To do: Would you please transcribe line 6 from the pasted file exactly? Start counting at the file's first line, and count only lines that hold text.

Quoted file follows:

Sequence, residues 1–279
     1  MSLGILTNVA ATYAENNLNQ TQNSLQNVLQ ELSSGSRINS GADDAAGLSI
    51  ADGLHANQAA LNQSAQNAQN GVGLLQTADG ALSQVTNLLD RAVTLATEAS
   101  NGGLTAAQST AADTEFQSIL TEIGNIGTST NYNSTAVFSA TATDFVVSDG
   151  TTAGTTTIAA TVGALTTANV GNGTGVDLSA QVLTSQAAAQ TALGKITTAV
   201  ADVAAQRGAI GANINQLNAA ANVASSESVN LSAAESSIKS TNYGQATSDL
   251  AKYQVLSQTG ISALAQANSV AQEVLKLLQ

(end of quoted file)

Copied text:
   201  ADVAAQRGAI GANINQLNAA ANVASSESVN LSAAESSIKS TNYGQATSDL